Networking – or purposefully meeting new people to build relationships – is an important part of job searching, advancing up the corporate ladder, or running your own business. Networking can benefit your career in many ways. It can also feel awkward or uncomfortable, particularly if you’re more of an introvert. The idea of walking into a room full of strangers and striking up a conversation with people you don’t know may be intimidating.

One way to fight the potential awkwardness of networking is to think of it as an opportunity to help other people. Instead of thinking that you need to “sell” yourself, see each encounter as a way to find out more about the other person so you can give them something useful. This might be an introduction to one of your contacts, a lead on a career opportunity, or a recommendation of a professional resource that might benefit them.

The goal of any networking you do should be to build a relationship. Instead of seeing it as a chance to “get” something from the other person or to “sell” your skills or product, it’s an opportunity to take a genuine interest in someone else, learn more about them, and find a way to give them something useful – no strings attached. When the relationship is built on this kind of sincere interest and goodwill, you’ll find that people return the favor and help you with your own professional goals.

The following strategies and tips can help you enjoy the process of networking and experience its benefits.

1. Set a goal. If you arrive at an event with a specific goal in mind – “I’m going to talk to 10 new people” or “I’m going to chat with the CEO of that company I’d love to work for” – then you have something concrete to work toward. Make sure you keep your promise to yourself, no matter what. To make it more interesting, you could reward yourself with a treat (an ice cream sundae, that new gadget you’ve been eyeing) when you meet your goal. Or, you could make a bet with a friend and whoever meets the fewer number of new people has to buy the other dinner. Approach it from a place of fun and it won’t feel like work.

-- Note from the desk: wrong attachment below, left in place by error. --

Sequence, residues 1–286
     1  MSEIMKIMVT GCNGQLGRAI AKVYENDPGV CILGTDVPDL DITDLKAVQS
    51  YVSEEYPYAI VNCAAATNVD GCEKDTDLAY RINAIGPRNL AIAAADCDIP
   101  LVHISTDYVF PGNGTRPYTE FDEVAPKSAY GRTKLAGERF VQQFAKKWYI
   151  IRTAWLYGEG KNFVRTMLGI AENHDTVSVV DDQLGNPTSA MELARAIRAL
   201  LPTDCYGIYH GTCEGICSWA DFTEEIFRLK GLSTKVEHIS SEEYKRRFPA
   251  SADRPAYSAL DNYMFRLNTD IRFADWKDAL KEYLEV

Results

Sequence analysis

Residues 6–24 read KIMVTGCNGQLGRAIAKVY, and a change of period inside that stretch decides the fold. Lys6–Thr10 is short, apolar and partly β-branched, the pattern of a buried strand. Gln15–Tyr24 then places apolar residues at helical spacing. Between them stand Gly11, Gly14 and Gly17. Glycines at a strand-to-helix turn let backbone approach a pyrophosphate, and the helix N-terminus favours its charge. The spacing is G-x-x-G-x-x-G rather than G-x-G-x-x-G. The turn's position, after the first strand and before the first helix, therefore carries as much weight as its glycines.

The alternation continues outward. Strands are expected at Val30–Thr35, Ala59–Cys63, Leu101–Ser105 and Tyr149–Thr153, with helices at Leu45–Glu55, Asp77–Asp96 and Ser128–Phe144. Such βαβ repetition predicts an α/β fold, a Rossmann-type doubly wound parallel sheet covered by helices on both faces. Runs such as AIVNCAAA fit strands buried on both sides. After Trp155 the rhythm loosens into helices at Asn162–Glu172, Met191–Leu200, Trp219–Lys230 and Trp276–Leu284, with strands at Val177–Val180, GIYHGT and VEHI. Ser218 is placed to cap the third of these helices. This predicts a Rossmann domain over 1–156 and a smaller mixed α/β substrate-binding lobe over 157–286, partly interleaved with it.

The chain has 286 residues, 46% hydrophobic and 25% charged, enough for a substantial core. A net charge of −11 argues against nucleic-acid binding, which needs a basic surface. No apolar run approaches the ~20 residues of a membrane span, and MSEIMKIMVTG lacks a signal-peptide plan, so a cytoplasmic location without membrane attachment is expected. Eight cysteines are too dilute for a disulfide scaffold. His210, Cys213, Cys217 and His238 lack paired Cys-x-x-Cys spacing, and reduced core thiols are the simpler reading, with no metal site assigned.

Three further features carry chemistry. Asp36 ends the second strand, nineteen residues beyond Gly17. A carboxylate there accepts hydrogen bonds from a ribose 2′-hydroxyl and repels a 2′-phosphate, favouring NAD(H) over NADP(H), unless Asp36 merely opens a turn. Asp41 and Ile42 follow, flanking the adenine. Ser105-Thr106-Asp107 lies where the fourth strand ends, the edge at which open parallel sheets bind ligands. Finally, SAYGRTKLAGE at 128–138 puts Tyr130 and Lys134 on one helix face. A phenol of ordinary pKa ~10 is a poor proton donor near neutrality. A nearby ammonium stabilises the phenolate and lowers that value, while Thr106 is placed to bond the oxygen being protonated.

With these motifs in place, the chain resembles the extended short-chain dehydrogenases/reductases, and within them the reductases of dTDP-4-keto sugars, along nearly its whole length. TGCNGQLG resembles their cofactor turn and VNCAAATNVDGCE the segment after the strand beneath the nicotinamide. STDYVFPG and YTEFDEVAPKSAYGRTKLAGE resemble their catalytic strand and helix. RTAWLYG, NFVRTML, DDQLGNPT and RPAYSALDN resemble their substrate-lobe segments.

2. Prepare. Think through some potential questions you could ask of people you meet at the event. Open-ended questions are better than questions that require simple “Yes” or “No” answers. “What brought you to tonight’s event?” “Tell me more about your business,” “How did you get into that line of work?” are great conversation starters. You’ll learn details about the person’s work and interests, and you can follow where the conversation naturally leads. You’ll also find that the other person will likely reciprocate and ask you similar questions, which gives you a way to talk about your own professional interests in a way that doesn’t feel forced, awkward, or like a sales pitch.

3. Have your brief personal statement ready. Sometimes referred to as an “elevator pitch,” your brief personal statement is a 10 – 30 second summary of your current professional status – who you are, what you do, and why you do it. An example is “I’m a consultant who partners with businesses and individuals to enhance their communication and leadership skills so they can enjoy stronger connections with customers and colleagues.” Keep it short, simple, and interesting, and be ready to share it when asked, “So, what do you do?”

4. Smile. It’s a simple tip but an important one. The act of smiling will help calm your nerves and will make you look friendly and approachable.

5. Arrive early. By being one of the first people in the room, you won’t be walking into an overwhelming sea of strangers who’re already deep in conversation. It can be easier to find that first person to talk to when there are only a handful of networkers in the room.

6. Jump in with your prepared introductory questions. Instead of waiting at the edges of the room for someone to talk to you, simply walk up to a person or group and ask, “May I join you?” and then open with one of the questions you thought about in advance. “What brings you to the event?” is a natural way to begin.

7. Listen. Practice active listening with everyone you talk to at the event. Pay attention to the details they’re giving you as you ask your questions and allow yourself to follow their lead instead of mentally planning what you’re going to say next. The only way you can provide something of value to the other person is to learn who they are and what they do.

8. Follow up. One or two days after meeting someone for the first time, send them a brief note or email. You’re continuing to build the relationship, so add a new detail about something you discussed with them, send them a link to an interesting news article related to what you talked about, or offer to connect them to one of your colleagues you think might be helpful.

By using these strategies, you can approach your next networking event with confidence, reap the professional benefits of building new relationships – and maybe even have fun in the process.

How do you approach networking? Post your comments here!